Nearly everyone appreciates the benefits of interior ceiling fans-the cheaper energy costs, the pleasant breeze it generates, and just the ambiance it is able to create over a kitchen table. Few people understand though, that some of these advantages are also achieved by installing an outdoor ceiling fan. The ceiling fans are built to create a downward draft, exactly like their indoor counterparts. Flying insects find it very hard to fly in this flow of air. More than just the summer season heat, no longer having to continuously swat at bugs while dining on your patio can often be the main reason people choose to put in an outdoor ceiling fan.
The differentiation between Indoor and outdoor ceiling fans:
Don’t think that the differentiation between outdoor and indoor ceiling fans is nothing more than just a name. Outside ceiling fans must endure the clamminess, the sun, wind, and the heat and cold of the elements. Metal hangings which are designed for a home’s interior can rust if used outside. A basic attachment that may be a lot more than sufficient indoors might bring about that sway that ceiling fans are well known for. Unless you recognize the particulars of installing an outdoor ceiling fan, it is definately best to call the local tradesman.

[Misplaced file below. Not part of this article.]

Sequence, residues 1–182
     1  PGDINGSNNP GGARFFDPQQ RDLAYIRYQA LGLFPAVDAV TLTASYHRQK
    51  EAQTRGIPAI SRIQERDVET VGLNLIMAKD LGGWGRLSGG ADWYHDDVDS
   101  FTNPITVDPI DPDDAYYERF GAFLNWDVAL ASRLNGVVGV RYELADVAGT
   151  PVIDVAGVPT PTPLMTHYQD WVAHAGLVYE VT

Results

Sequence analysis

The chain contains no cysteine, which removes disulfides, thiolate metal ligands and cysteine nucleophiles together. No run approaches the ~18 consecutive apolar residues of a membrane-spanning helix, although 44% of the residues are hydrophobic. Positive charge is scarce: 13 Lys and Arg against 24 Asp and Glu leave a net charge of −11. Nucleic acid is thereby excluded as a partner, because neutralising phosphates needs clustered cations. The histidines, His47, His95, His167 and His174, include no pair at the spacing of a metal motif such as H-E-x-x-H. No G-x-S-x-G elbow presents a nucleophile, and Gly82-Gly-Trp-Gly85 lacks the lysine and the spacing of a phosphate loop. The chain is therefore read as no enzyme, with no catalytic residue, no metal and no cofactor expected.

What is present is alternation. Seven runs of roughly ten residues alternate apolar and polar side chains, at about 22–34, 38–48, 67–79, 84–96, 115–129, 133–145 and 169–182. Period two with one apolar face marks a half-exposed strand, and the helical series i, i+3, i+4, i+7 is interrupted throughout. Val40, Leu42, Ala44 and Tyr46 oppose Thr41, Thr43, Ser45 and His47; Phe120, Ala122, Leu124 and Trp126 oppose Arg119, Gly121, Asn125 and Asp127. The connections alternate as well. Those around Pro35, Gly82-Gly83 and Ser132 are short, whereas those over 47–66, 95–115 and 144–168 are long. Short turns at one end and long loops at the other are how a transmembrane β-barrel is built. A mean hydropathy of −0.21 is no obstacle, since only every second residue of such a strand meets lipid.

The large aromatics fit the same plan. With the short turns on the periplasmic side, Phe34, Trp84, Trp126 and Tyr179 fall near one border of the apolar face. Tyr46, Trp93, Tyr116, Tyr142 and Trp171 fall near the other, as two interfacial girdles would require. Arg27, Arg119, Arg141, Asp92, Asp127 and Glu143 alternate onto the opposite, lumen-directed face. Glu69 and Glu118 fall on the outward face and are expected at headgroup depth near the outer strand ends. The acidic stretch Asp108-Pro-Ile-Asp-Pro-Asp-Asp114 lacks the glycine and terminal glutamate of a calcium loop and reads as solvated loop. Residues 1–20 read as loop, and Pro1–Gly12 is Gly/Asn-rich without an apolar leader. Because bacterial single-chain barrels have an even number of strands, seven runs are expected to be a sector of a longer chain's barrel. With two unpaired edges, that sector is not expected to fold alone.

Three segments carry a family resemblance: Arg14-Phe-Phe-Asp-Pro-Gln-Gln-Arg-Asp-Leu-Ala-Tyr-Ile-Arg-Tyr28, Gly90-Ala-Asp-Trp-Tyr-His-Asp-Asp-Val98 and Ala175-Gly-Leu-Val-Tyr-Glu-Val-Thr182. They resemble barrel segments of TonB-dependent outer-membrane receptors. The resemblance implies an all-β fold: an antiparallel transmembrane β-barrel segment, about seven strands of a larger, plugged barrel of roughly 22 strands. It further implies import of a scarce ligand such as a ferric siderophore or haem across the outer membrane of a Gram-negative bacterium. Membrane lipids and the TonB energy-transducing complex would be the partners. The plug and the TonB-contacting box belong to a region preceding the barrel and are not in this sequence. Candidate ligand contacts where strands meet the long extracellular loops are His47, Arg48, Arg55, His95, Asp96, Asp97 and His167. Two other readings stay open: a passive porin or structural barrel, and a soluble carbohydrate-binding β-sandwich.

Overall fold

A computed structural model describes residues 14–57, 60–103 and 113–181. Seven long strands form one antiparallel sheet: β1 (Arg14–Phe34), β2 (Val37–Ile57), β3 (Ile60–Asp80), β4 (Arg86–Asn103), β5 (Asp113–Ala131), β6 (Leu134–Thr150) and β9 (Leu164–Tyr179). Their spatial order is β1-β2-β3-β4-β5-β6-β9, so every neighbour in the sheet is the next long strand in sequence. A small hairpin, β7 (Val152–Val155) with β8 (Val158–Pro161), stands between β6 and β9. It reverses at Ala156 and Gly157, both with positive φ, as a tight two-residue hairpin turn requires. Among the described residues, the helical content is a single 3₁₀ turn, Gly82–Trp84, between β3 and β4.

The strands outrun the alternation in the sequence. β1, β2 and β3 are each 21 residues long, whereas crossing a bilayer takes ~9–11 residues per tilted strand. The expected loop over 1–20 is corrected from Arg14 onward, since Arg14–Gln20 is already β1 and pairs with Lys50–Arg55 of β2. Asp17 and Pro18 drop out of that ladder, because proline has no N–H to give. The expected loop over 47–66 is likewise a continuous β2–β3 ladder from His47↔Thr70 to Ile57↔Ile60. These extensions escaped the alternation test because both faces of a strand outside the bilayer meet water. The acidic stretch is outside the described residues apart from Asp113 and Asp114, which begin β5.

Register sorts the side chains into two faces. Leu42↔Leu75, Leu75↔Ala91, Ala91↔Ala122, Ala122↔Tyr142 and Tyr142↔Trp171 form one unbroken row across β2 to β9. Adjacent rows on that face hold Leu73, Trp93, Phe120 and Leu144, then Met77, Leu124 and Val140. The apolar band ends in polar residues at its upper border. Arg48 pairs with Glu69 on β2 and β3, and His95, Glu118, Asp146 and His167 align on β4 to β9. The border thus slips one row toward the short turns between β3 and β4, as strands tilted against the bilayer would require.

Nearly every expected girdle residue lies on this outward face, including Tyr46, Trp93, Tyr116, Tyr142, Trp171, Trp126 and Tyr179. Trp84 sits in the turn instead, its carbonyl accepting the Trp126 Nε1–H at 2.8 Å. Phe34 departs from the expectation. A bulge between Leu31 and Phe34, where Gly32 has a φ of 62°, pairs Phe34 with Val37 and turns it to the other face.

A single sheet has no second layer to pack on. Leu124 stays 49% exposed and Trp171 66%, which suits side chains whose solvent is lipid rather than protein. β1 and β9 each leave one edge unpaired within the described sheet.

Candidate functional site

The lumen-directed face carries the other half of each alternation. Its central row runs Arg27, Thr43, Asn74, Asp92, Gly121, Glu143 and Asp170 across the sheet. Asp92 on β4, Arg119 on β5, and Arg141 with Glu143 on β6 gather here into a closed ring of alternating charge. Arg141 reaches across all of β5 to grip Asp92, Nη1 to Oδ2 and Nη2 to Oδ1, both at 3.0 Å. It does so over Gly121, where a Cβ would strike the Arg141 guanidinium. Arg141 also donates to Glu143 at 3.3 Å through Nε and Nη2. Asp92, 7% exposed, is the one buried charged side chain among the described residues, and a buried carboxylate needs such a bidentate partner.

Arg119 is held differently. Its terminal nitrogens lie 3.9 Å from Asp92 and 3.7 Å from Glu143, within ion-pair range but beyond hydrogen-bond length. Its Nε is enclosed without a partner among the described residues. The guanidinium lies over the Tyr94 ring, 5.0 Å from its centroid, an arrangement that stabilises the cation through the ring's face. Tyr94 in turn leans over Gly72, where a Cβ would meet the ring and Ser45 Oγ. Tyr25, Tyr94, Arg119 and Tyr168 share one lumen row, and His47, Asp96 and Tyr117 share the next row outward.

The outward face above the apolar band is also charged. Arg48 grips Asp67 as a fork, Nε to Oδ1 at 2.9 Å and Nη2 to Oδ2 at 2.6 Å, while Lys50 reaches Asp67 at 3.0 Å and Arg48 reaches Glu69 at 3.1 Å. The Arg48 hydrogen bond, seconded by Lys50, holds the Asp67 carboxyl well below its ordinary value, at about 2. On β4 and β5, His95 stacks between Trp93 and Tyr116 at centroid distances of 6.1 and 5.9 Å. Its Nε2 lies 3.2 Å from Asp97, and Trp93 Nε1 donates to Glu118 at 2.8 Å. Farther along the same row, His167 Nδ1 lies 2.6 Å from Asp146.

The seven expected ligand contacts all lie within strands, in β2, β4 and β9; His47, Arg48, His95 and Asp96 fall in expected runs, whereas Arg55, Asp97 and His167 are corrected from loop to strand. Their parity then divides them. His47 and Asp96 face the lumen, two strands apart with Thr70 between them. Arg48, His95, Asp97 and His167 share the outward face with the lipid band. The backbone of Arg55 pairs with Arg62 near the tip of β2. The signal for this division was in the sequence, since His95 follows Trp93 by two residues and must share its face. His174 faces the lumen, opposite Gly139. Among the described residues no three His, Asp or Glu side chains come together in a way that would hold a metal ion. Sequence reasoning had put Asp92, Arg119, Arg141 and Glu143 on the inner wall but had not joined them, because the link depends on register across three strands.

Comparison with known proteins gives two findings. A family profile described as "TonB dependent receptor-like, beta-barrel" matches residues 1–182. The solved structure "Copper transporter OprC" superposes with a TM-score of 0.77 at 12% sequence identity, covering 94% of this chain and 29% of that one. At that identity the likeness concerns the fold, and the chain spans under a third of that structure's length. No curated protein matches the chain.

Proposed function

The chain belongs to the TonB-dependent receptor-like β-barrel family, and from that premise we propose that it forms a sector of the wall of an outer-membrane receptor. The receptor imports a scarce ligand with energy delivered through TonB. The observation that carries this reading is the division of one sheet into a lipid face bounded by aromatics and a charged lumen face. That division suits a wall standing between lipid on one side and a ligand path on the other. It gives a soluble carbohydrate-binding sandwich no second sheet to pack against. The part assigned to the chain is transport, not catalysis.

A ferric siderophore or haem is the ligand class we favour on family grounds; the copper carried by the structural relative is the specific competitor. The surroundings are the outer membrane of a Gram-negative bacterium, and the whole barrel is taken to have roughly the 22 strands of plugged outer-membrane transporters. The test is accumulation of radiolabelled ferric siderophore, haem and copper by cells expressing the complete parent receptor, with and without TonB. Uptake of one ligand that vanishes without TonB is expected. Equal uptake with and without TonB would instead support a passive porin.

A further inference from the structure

History and choices:
Ceiling fans were invented towards the end of the nineteenth century and they have gone through several changes. People have valued the ornamental value since their beginning of the ceiling fan, the options for the look of the ceiling fan are just about limitless. You can have a fan that imitates a plane, the motor blades of a boat, a bird’s wings, or almost anything else you can think of that goes flap. The fan’s blades and casement can be made of wood, metal, plastic or perhaps a few other less common alternatives, even a combination of many materials. Retro-fans can replicate the dÃ©cor of earlier centuries if that’s what you want to match the theme of your patio furniture. Why not go for that Casablanca feel, It is possible.
Choosing the right ceiling fan for the space is imperative. You may obviously want a classy fan that gives you with the very best effect at the slightest cost. Below are a few things keep in mind when choosing your fan.
1. Take notice of the size and shape of your room. Floor space and ceiling height will probably be factors to think about when picking out the unit.
2. Choose a vendor that has a sizeable selection of fans. Fans are available in many varieties, from turn-of-the-century styles to modern chic. A lot of models come with light fittings or have kits which are available for adding additional lighting.
3. Take into account your budget. Fans range in price from lower than fifty dollars or twenty five pounds sterling to several hundred dollars/pounds sterling for specialised versions in custom colours with remote controls.
4. Consider low-profile or ceiling-hugger fans for a ceiling of 7 feet or less (often in basements or attics). These models give a little less air movement and generally do not accommodate light fixtures, but they are still very helpful with circulation of air.
5. Use a fan with a medium sized blade in a small room to avoid an overcrowded look.
6. Think about the quantity of blades. More blades means more air movement at lower speeds, which means less noise.
7. Hire an experienced electrician to install the fan should you have any doubts about your ability to do it yourself. If you decide you are confident about your ability to do some basic wiring then have a go.